How deeply authoritarian systems affect the feelings and thoughts of its subjects, can be observed in one of the most intimate corners of human reality: our dreams. Between 1933 and 1939, journalist Charlotte Beradt collected and documented hundreds of dreams of her fellow Germans:
"In 1933, a woman dreams of a mind-reading machine, “a maze of wires” that detects her associating Hitler with the word “devil.” Beradt encountered several dreams about thought control, some of which anticipated the bureaucratic absurdities used by the Nazis to terrorize citizens... These dreams reveal how German Jews and non-Jews grappled with collaboration and compliance, paranoia and self-disgust, even as, in waking life, they hid these struggles from others and themselves."
6. Inspiration for bullies
Coming back to the present age, new reports find that bullies all over the US take inspiration from their Commander-and-Bully-in-Chief. The examples we set matter. Once Trump leaves office, we'll be busy with restoring trust and civility for at least a decade. The damage authoritarian politicians are inflicting on democratic discourse is immeasurable.
"Since Trump's rise to the nation’s highest office, his inflammatory language — often condemned as racist and xenophobic — has seeped into schools across America...'It’s gotten way worse since Trump got elected,' said Ashanty Bonilla, 17, a Mexican American high school junior in Idaho who faced so much ridicule from classmates last year that she transferred. 'They hear it. They think it’s okay. The president says it. . . . Why can’t they?'"
7. The revenge of the middle-class anti-elitist
This brings us to the question: who votes for populists? And what drives them? Simon Kuper argues that we should look beyond working-classes who switched from right to left and focus on middle class men who wage their own fight against perceived injustices of the current system:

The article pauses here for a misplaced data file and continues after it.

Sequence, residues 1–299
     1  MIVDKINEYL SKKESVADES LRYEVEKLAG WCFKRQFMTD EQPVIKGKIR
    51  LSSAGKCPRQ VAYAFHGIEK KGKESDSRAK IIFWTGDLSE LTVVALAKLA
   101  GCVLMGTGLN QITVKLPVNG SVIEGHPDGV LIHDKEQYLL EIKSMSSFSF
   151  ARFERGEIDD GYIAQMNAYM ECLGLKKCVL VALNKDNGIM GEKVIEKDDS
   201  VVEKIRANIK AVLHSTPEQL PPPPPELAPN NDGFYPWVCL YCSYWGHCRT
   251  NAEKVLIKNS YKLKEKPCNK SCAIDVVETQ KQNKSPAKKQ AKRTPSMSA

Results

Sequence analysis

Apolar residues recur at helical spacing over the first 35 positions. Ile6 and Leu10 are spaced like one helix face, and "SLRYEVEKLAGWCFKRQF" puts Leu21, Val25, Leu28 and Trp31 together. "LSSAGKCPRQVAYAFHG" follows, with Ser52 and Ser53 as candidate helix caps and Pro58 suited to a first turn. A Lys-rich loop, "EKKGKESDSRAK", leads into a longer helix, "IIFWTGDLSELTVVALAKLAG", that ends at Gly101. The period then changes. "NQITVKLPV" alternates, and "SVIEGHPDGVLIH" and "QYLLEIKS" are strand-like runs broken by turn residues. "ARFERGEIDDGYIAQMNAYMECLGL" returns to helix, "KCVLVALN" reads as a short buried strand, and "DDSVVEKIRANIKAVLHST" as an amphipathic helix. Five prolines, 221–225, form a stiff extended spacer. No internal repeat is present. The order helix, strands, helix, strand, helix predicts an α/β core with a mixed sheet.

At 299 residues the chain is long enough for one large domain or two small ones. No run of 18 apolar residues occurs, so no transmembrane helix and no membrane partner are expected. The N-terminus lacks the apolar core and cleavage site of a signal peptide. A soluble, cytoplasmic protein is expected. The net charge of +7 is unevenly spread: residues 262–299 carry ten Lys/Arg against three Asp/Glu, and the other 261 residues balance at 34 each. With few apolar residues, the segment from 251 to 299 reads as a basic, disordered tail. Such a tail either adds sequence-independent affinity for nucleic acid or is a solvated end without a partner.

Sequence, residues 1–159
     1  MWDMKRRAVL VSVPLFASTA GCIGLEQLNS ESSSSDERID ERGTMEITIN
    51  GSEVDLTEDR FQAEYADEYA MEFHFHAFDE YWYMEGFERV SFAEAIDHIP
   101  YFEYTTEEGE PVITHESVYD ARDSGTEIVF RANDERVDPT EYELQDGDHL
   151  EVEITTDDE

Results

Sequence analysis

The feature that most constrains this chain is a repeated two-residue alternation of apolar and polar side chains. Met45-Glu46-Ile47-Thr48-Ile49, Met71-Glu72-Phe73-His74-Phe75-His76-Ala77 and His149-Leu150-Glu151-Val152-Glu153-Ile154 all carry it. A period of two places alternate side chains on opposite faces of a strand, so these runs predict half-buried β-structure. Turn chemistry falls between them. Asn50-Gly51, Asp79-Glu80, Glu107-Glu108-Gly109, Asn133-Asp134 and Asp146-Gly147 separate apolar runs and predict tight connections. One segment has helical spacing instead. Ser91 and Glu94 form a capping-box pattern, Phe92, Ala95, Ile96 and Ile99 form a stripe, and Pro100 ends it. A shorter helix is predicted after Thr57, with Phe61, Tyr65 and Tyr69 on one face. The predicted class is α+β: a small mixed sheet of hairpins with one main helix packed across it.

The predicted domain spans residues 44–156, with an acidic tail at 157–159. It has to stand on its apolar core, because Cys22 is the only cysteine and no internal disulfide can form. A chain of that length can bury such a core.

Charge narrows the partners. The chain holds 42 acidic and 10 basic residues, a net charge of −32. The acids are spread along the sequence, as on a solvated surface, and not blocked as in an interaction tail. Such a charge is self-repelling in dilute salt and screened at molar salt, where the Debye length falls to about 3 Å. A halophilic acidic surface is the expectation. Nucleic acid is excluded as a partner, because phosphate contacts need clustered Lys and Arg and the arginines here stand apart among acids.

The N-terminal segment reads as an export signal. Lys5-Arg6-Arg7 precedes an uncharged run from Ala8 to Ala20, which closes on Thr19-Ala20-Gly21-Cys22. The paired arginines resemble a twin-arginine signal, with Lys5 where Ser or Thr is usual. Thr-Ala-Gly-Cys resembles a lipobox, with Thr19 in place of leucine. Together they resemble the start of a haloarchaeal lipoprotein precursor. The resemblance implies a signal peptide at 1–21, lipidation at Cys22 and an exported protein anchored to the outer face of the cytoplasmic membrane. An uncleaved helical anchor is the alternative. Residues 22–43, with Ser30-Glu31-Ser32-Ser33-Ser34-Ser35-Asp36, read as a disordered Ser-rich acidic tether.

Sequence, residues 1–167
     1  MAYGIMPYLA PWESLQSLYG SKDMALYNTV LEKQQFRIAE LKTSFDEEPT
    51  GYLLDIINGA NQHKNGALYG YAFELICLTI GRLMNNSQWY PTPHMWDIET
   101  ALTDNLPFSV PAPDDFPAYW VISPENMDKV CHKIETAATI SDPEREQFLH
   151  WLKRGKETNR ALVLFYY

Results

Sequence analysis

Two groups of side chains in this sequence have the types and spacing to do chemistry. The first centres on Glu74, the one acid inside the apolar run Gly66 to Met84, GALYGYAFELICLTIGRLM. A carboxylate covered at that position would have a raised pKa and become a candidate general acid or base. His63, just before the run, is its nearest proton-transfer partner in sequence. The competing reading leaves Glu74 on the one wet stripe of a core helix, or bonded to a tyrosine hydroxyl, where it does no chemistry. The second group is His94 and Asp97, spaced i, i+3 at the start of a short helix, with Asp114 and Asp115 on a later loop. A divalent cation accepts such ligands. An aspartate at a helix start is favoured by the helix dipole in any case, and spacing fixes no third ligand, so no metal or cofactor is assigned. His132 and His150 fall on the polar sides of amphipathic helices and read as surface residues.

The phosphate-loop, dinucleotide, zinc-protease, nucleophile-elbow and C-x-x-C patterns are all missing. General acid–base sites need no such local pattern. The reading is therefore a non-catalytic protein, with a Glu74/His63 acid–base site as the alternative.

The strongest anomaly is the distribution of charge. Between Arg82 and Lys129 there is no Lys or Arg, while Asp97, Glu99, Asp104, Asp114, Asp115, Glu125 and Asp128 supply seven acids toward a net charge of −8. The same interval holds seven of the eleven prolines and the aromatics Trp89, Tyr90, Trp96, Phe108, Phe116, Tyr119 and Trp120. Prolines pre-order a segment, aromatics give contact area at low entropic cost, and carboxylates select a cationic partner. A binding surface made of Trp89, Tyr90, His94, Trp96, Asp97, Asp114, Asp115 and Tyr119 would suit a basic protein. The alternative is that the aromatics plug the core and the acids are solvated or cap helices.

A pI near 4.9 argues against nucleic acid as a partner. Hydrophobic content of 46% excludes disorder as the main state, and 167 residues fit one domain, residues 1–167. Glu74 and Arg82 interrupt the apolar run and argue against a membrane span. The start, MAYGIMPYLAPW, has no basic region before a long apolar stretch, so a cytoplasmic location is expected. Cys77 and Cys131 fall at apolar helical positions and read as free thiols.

"He [the middle-class Brexiteer] isn’t keen on positive discrimination for women or people of colour, or on high taxes. In fact, he doesn’t want anyone to get “handouts.”... This man’s advance has been slow. He has never been invited into the fast lane of life: the top universities, the biggest firms, the major corporations. He feels, with some justification, that his exclusion has been unfair — based on his accent, schooling, clothes and unfamiliarity with trendy conversational topics. He realised years ago that so-called meritocracy is a fraud..."
8. The Roots of Polarisation
Simon Kuper's analysis (above) points to the fragmentation of our polities. How far have has the tribalisation of public discourse advanced? Ezra Klein has written a new book that is worth reading for anyone who takes an interest in how to keep our democracies from disintegrating. Francis Fukuyama has written a book review:
"What has puzzled observers is why polarization has more recently intensified into what political scientists label “affective polarization,” a highly emotional attachment to one’s side that defies considerations of rational self-interest. Here Klein, like many others, reaches into the realm of social psychology and notes a basic human propensity to form powerful group attachments: Being red or blue has come to constitute an identity rather than an ideology."
9. The New "National Conservatism"
Anne Applebaum attended a conference where prominent nationalist thinkers and politicians from Europe and beyond came together. What brings them together is a shared contempt for liberal democracy, the US, and globalism:
"The new national conservatism, at least as articulated in Rome, is very different from Reaganism and Thatcherism. The starting point is that European integration and American hegemony are both evil, and that universal ideals like human rights are a dangerous ideology.... The arc of history once described by Martin Luther King and Barack Obama is now bending the other way, and a lot of people are leaping aboard."
10. What to do with Authoritarians within the EU?
To stay with European conservatives and its authoritarian fringes:, the parliamentary group of the Christian Democrats (EPP) is currently deciding whether to expel Orban’s Fidesz party. Jan-Werner Müller examines the political history of Christian Conservatives arguing that they played a crucial role in establishing post-war Europe. Müller concludes that Fidesz has no place in the EPP, and that it's a travesty for them to say they represent Christian Democracy:
"The sad, sordid truth is that Orbán and his ilk are trying to wage an EU-wide culture war because they have found this to be an effective way to distract domestic and international attention from the kleptocratic autocracies they have created. By portraying their critics as crazed progressives pushing for same-sex marriage and ever-more scurrilous forms of identity politics, they avoid any discussion of their cronyism, politicization of the judiciary, and stifling control of the media."